Analyst predicts 30,000 home care packages in Budget

A leading aged care financial analyst believes the federal budget will include 30,000 new home care packages and has questioned the reported length of the waiting list.

The federal budget will contain funding for 30,000 home care packages, a leading aged care economist predicts.

Grant Corderoy

Grant Corderoy, senior partner at accounting firm StewartBrown, told an industry briefing in Sydney on Tuesday night that as far as aged care funding is concerned next week’s budget will have “more than we’ve seen before but less than we’d probably like to see”.

Part of that will be funding for more home care packages, he said.

“I expect there will probably be 30,000 new home care packages,” Mr Corderoy said.

The government has promised to respond to the recommendations of the aged care royal commission in the May 11 budget, and there’s speculation the sector can anticipate a $10 billion cash splash over the next four years.

Workforce and prudential regulation

If the government takes the royal commission’s recommendations to heart there’s also likely to be money for workforce and prudential regulation in the budget, Mr Corderoy said.

“I think there’ll be money set aside for training and recruitment,” he said. “We can’t kick that can down the road, because the more home care packages that are released the less staff we’ve got to provide the care.”

Mr Corderoy questioned claims the home care waiting list is at 100,000 – a figure that’s refused to budge for three years – saying it could be closer to 50,000.

He said about 26,000 of those in the queue had chosen not to take up their funding and some 30,000 are being funded at a lower than assessed level.

Given the amount of unspent funds being held, it is likely the latter group is actually being funded at the right level, he said.

“I’m a sceptic when it comes to the home care prioritisation queue, I think the actual queue’s around 50,000 -60,000” Mr Corderoy said.

“Why is this important? If we get another 30,000 we can start to divert the attention back to residential care rather than just to home care”

Grant Corderoy at an industry briefing in Sydney on May 4, 2021.

Fixing home care funding

Mr Corderoy said some of the key recommendations of the royal commission were around a new integrated aged care program and a single assessment and financing process.

He said these provided an opportunity to eliminate the big gaps that currently exist between the four levels of HCP.

He said unlike residential care, home care is overfunded at the consumer level, a statement he’s made in the past.

Mr Corderoy suggests that over-funding can be reduced by having fewer big ‘gaps’ between levels, which can result in someone who’s transitioning between levels being funded above their needs.

“Let’s call level four ‘level eight’, and let’s have six levels in between where we don’t have such a big gap,” he said.

Aged care levy in question

While home care packages are likely to be one of the headline budget announcements, it’s unclear whether the government will take up Commissioner Lynelle Briggs’ recommendation for an aged care levy to fund spending.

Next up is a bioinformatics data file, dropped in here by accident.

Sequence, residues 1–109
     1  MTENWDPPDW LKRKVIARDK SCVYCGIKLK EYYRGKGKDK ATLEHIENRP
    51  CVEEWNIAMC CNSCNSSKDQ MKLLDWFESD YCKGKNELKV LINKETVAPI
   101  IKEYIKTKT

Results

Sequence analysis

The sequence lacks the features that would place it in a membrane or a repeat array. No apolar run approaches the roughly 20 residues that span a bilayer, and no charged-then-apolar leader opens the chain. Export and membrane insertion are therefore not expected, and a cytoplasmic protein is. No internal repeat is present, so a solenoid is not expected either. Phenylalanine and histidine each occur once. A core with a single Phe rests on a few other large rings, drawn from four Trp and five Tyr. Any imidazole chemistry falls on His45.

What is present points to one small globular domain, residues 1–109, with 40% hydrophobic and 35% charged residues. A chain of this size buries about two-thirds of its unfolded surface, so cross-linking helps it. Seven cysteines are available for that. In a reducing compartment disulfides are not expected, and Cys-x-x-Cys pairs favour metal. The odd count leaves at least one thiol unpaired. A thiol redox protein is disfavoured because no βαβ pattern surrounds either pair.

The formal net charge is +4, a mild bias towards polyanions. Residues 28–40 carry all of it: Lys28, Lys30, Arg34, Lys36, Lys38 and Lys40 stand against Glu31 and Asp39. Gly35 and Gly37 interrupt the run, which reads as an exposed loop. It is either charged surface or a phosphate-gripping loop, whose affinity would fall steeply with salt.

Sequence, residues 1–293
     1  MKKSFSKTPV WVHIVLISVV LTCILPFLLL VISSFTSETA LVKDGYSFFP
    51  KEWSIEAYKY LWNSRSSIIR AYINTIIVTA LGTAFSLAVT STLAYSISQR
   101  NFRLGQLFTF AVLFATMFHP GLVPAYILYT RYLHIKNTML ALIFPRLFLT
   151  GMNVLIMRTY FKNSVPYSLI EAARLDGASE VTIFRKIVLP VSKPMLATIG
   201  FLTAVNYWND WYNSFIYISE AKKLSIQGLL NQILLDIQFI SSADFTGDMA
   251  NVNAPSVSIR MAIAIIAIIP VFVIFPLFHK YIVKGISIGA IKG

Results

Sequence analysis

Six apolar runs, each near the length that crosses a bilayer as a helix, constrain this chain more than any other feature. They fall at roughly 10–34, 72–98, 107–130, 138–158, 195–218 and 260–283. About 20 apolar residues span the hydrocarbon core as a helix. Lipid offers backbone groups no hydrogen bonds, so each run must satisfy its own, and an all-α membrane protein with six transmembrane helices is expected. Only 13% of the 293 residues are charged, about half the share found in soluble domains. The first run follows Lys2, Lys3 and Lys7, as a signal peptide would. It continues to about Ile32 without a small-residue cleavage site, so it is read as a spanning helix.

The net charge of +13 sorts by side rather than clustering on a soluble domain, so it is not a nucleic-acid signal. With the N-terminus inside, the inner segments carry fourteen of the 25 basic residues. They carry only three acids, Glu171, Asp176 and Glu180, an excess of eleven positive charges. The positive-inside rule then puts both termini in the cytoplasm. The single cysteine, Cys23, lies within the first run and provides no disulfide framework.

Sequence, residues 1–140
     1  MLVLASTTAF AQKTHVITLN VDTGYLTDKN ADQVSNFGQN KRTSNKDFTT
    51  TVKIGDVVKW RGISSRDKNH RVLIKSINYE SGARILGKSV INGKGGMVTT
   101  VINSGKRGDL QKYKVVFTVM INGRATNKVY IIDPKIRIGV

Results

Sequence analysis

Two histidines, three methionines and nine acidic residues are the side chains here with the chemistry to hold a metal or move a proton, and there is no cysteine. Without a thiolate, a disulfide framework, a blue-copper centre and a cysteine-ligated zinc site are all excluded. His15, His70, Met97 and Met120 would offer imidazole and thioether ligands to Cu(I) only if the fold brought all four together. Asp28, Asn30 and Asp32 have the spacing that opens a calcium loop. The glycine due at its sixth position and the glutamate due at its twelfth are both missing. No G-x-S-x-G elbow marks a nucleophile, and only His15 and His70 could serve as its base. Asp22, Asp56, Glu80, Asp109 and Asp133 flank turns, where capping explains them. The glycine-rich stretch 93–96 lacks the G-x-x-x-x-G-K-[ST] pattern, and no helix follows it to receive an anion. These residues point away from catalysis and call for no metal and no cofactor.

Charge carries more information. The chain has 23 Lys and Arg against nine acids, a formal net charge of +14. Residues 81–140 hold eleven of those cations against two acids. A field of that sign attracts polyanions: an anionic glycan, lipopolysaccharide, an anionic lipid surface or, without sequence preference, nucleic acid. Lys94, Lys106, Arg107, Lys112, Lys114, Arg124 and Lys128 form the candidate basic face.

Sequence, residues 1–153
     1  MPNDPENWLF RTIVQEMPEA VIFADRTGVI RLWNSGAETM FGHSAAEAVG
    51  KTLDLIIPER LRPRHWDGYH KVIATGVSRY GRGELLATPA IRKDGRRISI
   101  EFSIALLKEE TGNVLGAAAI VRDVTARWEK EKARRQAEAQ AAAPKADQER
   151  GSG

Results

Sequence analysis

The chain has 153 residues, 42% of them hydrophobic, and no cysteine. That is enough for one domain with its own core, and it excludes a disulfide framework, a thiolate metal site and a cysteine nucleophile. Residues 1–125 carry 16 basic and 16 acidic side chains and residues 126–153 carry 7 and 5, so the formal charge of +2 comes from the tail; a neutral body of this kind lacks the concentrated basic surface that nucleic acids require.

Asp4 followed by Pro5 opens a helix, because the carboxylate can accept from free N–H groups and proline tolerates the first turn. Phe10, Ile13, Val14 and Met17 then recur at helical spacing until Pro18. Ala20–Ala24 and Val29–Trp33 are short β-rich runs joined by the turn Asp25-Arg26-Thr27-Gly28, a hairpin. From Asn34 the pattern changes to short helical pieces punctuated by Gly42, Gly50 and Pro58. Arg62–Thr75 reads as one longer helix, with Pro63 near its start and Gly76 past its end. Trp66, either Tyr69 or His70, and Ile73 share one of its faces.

In the final report, Commissioner Briggs said the government should introduce legislation by July 2022 to establish an “aged care improvement levy” of a flat rate of 1 per cent of taxable personal income, but media reports citing senior government sources have suggested the recommendation will be ignored.

Last year’s budget allocated $1.6 billion for 23,000 new home care packages and Prime Minister Scott Morrison committed an extra $452.2 million in March as a down payment in response to the royal commission report

The government has promised to deliver a five-year-plan for reform in this year’s budget.

Advocacy groups weigh in

In April a coalition of aged care provider groups, the Australian Aged Care Collaboration, called on the government to use the budget to prioritise recommendations that will give seniors the maximum benefit in the quickest amount of time, including stumping up funding to cut the home care waiting list.

Meanwhile on Thursday the National Aged Care Alliance, representing 54 peak organisations of providers, health professionals, unions and consumers,  released a statement calling on the federal government to take immediate action on a list of recommendations.

Clearing the home care waiting list and establishing a new care at home program topped the list, followed by the establishment of an implementation taskforce to deliver the royal commission’s recommendations and drafting a new human-rights based Aged Care Act.

Read the full statement here.

The Grattan Institute estimates that the government needs to spend an additional $9.8 billion a year on the royal commission’s recommended aged care reform measures.

Mr Corderoy warned that the budget will only be a quick fix.

“This is just a budget to fix today’s circumstance we need to have money set aside for reform going forward,” he said.

Comment on the story below. Follow Community Care Review on Facebook, Twitter and LinkedIn and sign up to our newsletter.

Tags: featured, federal-budget, grant-corderoy, home-care-packages, stewartbrown,

2 thoughts on “Analyst predicts 30,000 home care packages in Budget

  1. The only reason for unspent funds in home care, specially CHSP, is because people cannot find the services they need. Try going through “My AGED CARE ” website looking for domestic assistance/ personal care workers/ home maintenance and you get to the situation where providers say “currently not available”. A friend was celebrating today because she was told a “cleaner” was now available. She has waited for 2 years, Maybe if providers employed and trained more people the situation might improve,

Leave a Reply

Your email address will not be published. Required fields are marked *